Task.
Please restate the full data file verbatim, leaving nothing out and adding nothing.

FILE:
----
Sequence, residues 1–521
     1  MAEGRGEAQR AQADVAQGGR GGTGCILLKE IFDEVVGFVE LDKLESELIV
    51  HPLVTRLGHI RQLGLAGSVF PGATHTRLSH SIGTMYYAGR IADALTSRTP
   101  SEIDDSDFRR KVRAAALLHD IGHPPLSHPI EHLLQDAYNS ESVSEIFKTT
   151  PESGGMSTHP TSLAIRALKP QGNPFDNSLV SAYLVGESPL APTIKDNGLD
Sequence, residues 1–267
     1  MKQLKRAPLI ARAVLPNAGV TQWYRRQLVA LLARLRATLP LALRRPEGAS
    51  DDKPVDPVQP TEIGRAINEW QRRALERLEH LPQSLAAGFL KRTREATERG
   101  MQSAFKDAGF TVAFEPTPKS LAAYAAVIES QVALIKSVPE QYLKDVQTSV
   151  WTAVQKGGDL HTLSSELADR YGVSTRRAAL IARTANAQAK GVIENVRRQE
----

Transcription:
Sequence, residues 1–521
     1  MAEGRGEAQR AQADVAQGGR GGTGCILLKE IFDEVVGFVE LDKLESELIV
    51  HPLVTRLGHI RQLGLAGSVF PGATHTRLSH SIGTMYYAGR IADALTSRTP
   101  SEIDDSDFRR KVRAAALLHD IGHPPLSHPI EHLLQDAYNS ESVSEIFKTT
   151  PESGGMSTHP TSLAIRALKP QGNPFDNSLV SAYLVGESPL APTIKDNGLD
Sequence, residues 1–267
     1  MKQLKRAPLI ARAVLPNAGV TQWYRRQLVA LLARLRATLP LALRRPEGAS
    51  DDKPVDPVQP TEIGRAINEW QRRALERLEH LPQSLAAGFL KRTREATERG
   101  MQSAFKDAGF TVAFEPTPKS LAAYAAVIES QVALIKSVPE QYLKDVQTSV
   151  WTAVQKGGDL HTLSSELADR YGVSTRRAAL IARTANAQAK GVIENVRRQE